“I stopped by to deliver your tickets for Saturday evening’s fundraiser. You’ll be there, right?” Chloe handed over the envelope.
“Of course! My dress from last year is hanging in the closet. Hope the darn thing fits.” Linda’s hands ran over her tiny waist to rest on her hips.
“You haven’t gained an ounce of weight since last year.” Chloe shook her head with an indulgent smile. “I’m sure it will fit.”
“I don’t have anyone to bring. My daughters and sons are too busy with the grandkids and other activities. And one son still lives in Florida.” Linda wrapped her arm around Chloe’s waist.
“I know, but something could change.” She bent her head to rest on the top of Linda’s and squeezed her in an embrace. “I also stopped to let you know the Winlets lost a large donation from one of their lead sponsors. They wanted me to see if anyone had any connections that could possibly contribute an item for the auction or even multiple items to help make up the loss.”
“I’ll mention it to everyone working tonight and send an email. When does the committee need to know?” Together they navigated their way amid the children scattered about the play area.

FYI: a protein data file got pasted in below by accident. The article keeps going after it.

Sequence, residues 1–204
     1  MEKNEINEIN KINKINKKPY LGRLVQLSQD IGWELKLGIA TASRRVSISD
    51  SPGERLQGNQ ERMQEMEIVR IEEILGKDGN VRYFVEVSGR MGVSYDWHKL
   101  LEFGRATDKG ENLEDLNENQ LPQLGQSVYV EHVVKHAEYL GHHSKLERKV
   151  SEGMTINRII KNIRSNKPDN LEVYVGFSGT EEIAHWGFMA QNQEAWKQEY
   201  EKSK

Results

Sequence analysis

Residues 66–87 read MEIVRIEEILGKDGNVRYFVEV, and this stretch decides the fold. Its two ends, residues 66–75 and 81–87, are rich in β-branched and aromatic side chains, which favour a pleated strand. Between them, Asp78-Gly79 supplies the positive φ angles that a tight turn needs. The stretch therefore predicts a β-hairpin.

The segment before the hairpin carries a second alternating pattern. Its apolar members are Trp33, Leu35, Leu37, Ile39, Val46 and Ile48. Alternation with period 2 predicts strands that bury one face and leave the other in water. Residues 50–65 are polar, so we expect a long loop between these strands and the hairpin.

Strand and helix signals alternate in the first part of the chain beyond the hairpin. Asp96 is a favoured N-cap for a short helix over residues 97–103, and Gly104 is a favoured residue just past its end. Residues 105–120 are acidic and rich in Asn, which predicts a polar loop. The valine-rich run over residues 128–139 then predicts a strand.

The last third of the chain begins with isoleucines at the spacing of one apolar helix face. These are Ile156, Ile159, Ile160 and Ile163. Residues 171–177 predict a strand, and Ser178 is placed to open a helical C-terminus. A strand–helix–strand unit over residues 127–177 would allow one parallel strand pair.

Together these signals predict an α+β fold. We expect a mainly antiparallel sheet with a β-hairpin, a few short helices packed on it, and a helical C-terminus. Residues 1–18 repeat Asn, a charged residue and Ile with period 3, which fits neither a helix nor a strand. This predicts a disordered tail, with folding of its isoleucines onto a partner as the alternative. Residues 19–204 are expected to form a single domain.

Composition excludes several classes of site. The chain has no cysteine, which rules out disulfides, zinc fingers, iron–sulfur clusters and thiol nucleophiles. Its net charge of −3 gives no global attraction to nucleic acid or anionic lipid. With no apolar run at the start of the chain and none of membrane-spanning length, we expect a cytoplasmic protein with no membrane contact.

“The sooner the better but even up to the day of the event will work.”
In the small office area, Linda grasped a slip of paper and scribbled notes. “I know this is the Winlets’ Fundraiser, but who should donors contact if they want to make a donation? The Winlets or the committee?” She sat on the desk chair.
“The committee. Do you have the contact information?” Chloe glanced around the tidy office. The flyer for the fundraiser was pinned on the information board. “Oh, you have it right here. Perfect.” After a brief moment of silence, she asked, “How are things here at the shelter? I know funds are getting a little tight, but I’m working on several grants. I’m hoping to hear on one within the month.”
“We’re fine, Chloe. The women and children are so grateful for what the organization can offer them.”